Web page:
Causes of Mortality in Pink Pigeons (Nesoenas mayeri) Housed in European Collections: 1979–2018
2018 Joint EAZWV/AAZV/Leibniz-IZW Conference
Sara Shopland, BVSc, BSc (Hons), Cert AVP (ZM), MRCVS; Michelle Barrows, BVMS, BSc, RCVS Dipl Zoo Med (Avian), DECZM (ZHM), MRCVS
Bristol Zoological Society, Bristol Zoo Gardens, Bristol, UK


The Mauritian pink pigeon (Nesoenas mayeri) is currently classified as endangered, with only 350–400 individuals left in the wild population. Following habitat restoration and control of introduced predators, there are still concerns for its survival due to inbreeding depression. Transfer of individuals carrying genes not represented in the wild population, from the captive population to Mauritius, is planned. Prior to this transfer, a health survey of live birds in the captive European population is being undertaken. In order to guide disease testing, a retrospective mortality review of postmortem records from 1979–2018 was performed to determine which infectious diseases may be of concern. Three hundred seventy postmortem records were obtained from 19 institutions across Europe. Report analysis showed an age division as follows: neonates (<1 month) 42.4%, juveniles (1–12 months) 14.3%, and adults (>1 year) 43.3%. For neonates, 40.8% of deaths were of unknown cause, often due to autolysis, with infectious diseases constituting 12.1%, mostly due to E. coli septicaemia. For juveniles, the most common cause of mortality was suspected metabolic disorders (39.6%), with infectious diseases constituting 3.7% (Candida and Citrobacter). For adults, the most common cause of mortality was trauma (43.1%). This was either self-inflicted, intraspecific or interspecific, with no apparent gender predilection; 20.6% of deaths were due to infectious diseases, which included avian mycobacteriosis, yersiniosis, E. coli and aspergillosis. These results have been used to inform infectious disease screening for the health survey, which will be performed to coincide with routine health checks and handling, to reduce risk of trauma.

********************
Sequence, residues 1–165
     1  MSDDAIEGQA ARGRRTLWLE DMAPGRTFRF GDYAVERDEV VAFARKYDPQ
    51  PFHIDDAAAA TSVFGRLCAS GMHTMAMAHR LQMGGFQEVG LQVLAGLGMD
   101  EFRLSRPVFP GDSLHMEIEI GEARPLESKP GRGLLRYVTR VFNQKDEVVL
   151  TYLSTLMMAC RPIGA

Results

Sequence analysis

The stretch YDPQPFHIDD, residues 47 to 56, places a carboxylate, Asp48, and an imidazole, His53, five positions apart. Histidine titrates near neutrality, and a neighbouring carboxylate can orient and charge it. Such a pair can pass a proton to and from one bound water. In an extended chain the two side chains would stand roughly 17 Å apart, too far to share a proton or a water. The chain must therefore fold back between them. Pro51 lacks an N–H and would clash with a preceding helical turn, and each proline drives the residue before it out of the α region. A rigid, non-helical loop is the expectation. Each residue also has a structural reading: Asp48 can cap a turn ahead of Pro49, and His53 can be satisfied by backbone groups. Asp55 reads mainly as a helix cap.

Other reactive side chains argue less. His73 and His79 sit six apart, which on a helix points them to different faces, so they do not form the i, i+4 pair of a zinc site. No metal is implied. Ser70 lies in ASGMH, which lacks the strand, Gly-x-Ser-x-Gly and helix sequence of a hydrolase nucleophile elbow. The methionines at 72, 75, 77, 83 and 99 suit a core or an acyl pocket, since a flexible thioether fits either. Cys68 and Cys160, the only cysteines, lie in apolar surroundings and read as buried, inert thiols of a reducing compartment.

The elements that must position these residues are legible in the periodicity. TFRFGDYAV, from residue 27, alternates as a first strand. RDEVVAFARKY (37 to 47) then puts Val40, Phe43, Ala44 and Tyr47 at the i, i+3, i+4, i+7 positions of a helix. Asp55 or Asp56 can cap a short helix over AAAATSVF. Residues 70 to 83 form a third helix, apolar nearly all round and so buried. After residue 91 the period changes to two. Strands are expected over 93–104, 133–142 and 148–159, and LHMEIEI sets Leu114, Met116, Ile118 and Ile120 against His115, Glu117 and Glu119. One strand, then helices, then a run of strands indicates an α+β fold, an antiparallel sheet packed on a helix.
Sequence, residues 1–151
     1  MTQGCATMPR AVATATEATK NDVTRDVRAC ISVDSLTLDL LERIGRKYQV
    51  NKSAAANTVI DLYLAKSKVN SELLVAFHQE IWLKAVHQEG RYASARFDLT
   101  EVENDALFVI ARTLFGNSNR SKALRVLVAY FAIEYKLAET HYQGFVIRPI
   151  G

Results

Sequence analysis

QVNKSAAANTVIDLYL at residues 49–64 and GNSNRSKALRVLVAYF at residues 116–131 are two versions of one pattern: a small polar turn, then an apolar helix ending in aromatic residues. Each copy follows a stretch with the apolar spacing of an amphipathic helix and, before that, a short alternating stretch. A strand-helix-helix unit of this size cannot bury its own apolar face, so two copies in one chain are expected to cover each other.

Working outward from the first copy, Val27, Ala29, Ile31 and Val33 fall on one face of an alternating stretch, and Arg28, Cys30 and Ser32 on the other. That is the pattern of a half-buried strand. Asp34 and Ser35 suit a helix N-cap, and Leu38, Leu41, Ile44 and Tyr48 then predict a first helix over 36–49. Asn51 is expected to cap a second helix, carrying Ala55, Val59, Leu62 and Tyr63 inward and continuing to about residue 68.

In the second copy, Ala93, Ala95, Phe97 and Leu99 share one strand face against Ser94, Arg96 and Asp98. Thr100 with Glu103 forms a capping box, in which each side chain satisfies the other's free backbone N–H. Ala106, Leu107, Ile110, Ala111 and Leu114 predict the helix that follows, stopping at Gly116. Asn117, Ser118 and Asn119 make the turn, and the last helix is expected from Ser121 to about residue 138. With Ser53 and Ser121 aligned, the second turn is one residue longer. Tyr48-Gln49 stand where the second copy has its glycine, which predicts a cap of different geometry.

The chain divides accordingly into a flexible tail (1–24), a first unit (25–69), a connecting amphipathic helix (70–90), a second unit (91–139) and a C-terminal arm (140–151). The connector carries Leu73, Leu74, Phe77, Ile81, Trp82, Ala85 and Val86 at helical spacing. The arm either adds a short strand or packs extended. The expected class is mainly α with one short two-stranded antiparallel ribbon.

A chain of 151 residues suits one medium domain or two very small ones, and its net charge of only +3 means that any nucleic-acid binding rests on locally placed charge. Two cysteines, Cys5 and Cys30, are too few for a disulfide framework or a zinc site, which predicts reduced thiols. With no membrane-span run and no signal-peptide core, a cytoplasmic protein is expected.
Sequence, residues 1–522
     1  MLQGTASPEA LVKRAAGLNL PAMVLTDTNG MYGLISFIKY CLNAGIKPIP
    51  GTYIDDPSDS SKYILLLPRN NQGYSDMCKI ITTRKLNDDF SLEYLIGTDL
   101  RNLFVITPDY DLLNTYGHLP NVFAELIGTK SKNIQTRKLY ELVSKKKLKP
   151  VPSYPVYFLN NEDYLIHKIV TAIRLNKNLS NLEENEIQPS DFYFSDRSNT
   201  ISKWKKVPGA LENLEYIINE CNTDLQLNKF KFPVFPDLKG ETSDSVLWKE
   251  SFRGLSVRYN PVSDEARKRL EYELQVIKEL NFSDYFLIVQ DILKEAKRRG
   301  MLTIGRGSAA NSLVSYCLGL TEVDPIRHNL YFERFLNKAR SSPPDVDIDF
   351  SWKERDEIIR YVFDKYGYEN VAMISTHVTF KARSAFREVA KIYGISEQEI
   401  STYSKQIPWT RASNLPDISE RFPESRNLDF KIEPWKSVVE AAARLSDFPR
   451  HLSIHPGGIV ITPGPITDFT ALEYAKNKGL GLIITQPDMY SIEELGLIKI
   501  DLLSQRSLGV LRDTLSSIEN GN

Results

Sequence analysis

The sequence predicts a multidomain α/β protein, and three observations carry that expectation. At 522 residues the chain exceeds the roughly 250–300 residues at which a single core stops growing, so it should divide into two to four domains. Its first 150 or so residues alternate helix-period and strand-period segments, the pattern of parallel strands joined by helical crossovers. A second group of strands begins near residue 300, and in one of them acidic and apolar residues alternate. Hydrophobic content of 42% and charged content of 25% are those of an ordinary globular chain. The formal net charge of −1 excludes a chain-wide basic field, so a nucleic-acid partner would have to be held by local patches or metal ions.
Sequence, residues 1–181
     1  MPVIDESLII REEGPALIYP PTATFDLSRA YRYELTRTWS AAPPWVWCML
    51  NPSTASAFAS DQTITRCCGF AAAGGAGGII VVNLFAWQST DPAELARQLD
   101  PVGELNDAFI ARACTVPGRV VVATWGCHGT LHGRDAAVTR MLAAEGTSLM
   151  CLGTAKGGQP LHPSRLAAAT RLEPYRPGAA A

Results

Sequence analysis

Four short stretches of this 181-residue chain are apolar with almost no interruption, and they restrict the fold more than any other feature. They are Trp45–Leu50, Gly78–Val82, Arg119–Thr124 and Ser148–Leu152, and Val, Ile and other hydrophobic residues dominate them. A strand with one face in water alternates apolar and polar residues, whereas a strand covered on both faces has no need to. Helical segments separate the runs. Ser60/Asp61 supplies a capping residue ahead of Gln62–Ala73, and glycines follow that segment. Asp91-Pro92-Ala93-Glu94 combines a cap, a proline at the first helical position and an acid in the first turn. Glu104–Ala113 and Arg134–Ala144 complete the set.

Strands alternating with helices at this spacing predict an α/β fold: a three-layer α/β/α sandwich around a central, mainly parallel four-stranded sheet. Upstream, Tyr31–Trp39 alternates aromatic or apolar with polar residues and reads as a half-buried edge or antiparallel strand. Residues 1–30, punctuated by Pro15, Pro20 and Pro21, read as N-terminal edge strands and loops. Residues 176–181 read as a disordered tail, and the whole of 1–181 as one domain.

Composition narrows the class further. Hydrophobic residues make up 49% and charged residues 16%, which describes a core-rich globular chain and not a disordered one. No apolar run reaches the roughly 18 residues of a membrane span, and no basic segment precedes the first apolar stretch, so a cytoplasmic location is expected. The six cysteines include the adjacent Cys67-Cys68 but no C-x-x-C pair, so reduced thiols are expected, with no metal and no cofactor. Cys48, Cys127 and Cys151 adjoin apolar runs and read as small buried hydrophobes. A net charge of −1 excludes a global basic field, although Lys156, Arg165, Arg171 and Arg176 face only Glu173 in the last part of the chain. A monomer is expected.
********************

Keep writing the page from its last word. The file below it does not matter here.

The authors would like to thank all the participating institutions for their assistance in data collection. The authors would also like to thank the American Association of Zoo Veterinarians Wild Animal Health Fund, Bristol Zoological Society and the British Veterinary Zoological Society Zebra Foundation for their generous grants, without which the next phase of this research project, the health survey, would not be possible.


Speaker Information
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Sara Shopland, BVSc, BSc (Hons), Cert AVP (ZM), MRCVS
Bristol Zoological Society
Bristol Zoo Gardens
Bristol, UK

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